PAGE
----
quiver wrote:Yeah I have a few different thoughts about this. First, rayiner is completely correct with most of his post, but it assumes that you're going for COA straight out of school. It seems that at least half of COA judges (probably closer to 60%) are still on plan anyway so that would give you a full year at H to make connections with professors. Obviously not ideal, but not bleak either. If you go for district courts first, almost all of them are still on plan so you would have the full year for those as well. Cost being equal, I'd probably side with rayiner and tell you to stay. But with H being quite a bit cheaper, I think I would lean toward going.
I suppose it depends on what OP means by "quite a bit cheaper." At this level, every $10k of savings = over $100/month in your wallet for the rest of your life so it is a pretty big consideration.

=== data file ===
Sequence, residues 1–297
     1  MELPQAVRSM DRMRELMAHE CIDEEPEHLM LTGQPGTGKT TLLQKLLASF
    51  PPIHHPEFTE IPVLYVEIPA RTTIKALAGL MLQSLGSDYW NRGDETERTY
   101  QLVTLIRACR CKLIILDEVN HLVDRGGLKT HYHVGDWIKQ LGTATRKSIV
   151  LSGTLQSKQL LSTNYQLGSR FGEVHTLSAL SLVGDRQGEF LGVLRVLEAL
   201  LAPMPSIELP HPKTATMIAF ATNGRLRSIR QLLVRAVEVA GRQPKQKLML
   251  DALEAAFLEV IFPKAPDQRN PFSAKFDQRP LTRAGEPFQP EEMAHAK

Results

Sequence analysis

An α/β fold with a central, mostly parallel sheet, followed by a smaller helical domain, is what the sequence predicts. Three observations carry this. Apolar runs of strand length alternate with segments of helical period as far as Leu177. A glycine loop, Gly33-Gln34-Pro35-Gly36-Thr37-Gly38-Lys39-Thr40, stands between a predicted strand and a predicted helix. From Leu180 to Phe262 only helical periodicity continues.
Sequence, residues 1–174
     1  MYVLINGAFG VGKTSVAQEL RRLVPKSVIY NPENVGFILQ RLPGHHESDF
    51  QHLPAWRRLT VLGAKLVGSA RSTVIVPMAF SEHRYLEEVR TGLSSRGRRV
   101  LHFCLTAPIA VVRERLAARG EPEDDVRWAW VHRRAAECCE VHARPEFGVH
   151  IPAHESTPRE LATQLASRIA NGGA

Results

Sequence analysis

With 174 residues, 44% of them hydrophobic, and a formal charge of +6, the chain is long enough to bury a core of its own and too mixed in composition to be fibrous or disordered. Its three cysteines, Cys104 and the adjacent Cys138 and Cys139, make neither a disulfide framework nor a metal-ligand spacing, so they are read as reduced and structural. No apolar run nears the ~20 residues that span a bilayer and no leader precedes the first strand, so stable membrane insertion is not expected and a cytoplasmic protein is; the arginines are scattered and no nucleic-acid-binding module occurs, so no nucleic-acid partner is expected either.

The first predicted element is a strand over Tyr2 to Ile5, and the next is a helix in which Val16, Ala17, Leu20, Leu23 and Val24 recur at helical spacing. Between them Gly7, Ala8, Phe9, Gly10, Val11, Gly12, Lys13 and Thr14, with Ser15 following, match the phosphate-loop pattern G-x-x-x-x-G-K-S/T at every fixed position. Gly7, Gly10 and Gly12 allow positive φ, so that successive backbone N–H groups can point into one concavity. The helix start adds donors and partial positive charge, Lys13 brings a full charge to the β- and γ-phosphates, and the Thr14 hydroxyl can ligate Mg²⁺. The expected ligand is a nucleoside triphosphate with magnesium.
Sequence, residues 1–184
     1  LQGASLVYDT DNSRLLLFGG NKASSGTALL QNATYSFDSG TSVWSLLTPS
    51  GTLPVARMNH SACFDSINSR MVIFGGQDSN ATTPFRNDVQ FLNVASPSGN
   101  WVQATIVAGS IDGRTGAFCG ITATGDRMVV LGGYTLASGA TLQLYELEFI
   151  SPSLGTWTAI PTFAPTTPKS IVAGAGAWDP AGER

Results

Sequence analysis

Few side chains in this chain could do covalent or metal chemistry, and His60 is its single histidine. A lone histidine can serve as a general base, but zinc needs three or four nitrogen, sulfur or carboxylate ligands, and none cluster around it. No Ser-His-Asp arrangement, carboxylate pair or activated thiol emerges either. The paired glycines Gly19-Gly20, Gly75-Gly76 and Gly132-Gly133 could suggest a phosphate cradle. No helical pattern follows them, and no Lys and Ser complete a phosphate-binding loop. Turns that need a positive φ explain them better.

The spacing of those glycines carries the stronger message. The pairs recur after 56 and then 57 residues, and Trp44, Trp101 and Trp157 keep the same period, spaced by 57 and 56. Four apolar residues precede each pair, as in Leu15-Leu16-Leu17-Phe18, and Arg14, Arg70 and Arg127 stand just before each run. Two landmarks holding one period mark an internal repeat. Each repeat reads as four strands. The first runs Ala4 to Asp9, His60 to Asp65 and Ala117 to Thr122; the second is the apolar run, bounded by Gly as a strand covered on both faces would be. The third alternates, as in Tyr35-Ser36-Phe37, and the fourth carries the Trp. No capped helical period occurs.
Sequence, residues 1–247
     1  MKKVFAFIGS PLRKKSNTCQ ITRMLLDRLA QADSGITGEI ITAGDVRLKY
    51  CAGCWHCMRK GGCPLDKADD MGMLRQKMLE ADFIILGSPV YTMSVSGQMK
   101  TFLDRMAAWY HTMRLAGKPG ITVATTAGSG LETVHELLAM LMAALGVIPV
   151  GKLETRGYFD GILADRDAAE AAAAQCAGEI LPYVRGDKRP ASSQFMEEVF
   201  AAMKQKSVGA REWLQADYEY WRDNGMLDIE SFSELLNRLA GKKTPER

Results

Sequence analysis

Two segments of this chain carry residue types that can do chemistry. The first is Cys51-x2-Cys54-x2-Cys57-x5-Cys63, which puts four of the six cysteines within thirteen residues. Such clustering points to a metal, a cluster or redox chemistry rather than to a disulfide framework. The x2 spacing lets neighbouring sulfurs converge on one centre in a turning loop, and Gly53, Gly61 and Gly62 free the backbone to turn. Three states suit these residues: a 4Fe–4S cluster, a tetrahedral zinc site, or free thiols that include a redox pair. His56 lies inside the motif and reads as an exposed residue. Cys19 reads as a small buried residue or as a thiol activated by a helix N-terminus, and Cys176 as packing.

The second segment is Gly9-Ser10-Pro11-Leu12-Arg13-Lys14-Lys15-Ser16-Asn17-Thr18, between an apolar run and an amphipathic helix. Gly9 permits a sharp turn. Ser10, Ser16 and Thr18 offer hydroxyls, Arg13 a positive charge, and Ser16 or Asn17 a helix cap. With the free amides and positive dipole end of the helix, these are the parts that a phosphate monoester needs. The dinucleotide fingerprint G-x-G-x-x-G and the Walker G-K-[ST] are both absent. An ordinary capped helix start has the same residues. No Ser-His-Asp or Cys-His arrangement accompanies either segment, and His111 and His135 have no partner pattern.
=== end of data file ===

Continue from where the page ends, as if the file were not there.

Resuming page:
That said, even if OP does alumni clerk, his judge's clerks are still going to see two years of grades on his transcript instead of three, and they're still going to see no LR. And lack of LR is definitely going to change how influential professors perceive him. After transferring, I wouldn't say his situation is bleak, but it's not as good as it would have been had he stayed.
My question is: what's the upside? From top 10%+LR at Cornell targeting NYC, there is exactly one firm where transferring could conceivably help, and that's for WLRK. For clerkships, I think it will outright hurt. Down the line, he'll have that HLS degree, sure, but he won't have been in the trenches with the other HLS 1L's building those relationships. Best case, he gets COA from HLS, but even then it will always say Cornell School of Law 2011 - 2012 on his Linked-In. And any recruiter or partner who is going to treat HLS + COA at Cravath differently than Cornell + LR + COA at Cravath is going to be the kind of person who would take note of that.